Trade in your car for a moped; and take public transportation whenever possible. Better yet, get a bicycle! Car pool to work and walk everywhere else. When you do need to drive, following ten tips can save you gas, and money.
KEEP YOUR ENGINE TUNED UP
Dirty filters, old fluids, and worn belts can cause a vehicle to work harder, using more fuel. But a proper tune up is more than just changing the oil and replacing the air filter. Incorrect fuel ratio, worn spark plugs, and inaccurate spark timing can have a big effect on gas mileage.
2. CHECK YOUR TIRES
Under-inflated tires cause more rolling resistance. Overinflated tires have much less friction and will give you better gas mileage but will reduce your traction and braking power.
3. PLAN YOUR TRIPS
If you need to go to more than one place, know the best route to avoid traffic and save time. Know when to go and consolidate trips whenever possible.
4. REDUCE YOUR VEHICLE WEIGHT
Take the golf clubs out of your trunk. Don’t leave things in your car that don’t need to be there. The more weight the car has to move, the more fuel it needs.
5. USE CRUISE CONTROL ON LEVEL ROADS
But do not use cruise control when you can do a better job yourself. On level surfaces your vehicle will maintain a consistent speed, which is better than speeding up then slowing down, which most of us do. Don’t use cruise control on hills. It will slow your speed coming down the other side and you’ll loose the natural momentum you would have gained to climb the next hill.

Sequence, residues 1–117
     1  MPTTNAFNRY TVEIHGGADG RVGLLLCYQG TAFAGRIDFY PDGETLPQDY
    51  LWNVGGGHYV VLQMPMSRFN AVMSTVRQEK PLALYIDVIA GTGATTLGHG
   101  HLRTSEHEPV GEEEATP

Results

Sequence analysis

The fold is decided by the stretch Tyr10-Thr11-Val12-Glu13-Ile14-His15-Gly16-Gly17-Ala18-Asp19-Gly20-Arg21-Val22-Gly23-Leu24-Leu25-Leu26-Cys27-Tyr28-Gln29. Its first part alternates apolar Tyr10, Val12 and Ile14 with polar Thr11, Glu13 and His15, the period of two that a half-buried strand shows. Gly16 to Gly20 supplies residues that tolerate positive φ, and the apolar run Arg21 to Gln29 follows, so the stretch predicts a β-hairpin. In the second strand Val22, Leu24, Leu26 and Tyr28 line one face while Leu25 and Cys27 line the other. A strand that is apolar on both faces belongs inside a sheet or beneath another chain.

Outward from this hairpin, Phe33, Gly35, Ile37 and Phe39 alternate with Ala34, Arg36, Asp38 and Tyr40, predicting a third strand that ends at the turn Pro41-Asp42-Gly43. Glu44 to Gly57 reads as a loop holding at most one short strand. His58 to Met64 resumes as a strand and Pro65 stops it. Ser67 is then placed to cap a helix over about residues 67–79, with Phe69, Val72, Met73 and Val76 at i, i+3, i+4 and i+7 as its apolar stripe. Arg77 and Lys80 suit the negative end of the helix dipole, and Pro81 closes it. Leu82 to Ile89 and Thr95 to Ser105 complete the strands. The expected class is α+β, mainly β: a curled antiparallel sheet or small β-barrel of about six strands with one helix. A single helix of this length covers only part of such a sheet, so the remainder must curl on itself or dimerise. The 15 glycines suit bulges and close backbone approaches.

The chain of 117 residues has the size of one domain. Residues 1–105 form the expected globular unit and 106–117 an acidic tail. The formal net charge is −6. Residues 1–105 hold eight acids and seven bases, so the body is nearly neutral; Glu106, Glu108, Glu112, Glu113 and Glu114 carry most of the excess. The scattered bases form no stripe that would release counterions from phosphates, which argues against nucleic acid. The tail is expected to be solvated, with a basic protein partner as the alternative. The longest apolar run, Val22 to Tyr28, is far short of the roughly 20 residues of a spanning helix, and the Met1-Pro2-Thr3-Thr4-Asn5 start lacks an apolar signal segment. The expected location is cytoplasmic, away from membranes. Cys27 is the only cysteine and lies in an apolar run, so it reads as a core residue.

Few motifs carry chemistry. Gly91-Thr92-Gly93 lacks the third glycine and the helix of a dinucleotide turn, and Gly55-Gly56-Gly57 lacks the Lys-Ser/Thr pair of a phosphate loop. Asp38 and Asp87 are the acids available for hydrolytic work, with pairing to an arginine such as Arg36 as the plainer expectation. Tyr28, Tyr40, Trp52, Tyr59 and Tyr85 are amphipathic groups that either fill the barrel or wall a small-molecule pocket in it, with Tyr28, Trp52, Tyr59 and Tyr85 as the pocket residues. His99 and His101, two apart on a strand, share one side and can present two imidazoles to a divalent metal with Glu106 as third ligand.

6. TURN OFF YOUR A/C
Air conditioners use a lot of energy. At low speeds and in stop-and-go traffic, turn off the A/C and roll down the windows if you can stand the heat.
7. TURN ON YOUR A/C
If you are traveling at freeway speeds it’s better to turn on your air conditioner and roll up your windows. Open windows create a lot of drag, dramatically increasing your wind resistance.
8. KEEP YOUR HIGHWAY SPEED AT 55 MPH.
Drive 55 instead of 75. It can improve you gas mileage by as much as 25%.
9. USE THE HIGHEST GEAR YOU CAN
If you are driving an automatic, put it in overdrive. If driving a stick, put it in a higher gear and keep your RPMs low. The higher the RPMs, the more fuel you will use.
10. CHECK YOUR MILEAGE
When you’ve done what you can to improve your mileage, check to see what it is. Fill up your tank. Reset your trip counter and drive conservatively. Fill up your tank again. Now divide the miles you drove by the gallons of gas required to refill your tank. This is your MPG. Now compare with what other cars of the same year, make and model are getting. If you’re way off, you may need to have a mechanic look to see if there is anything wrong.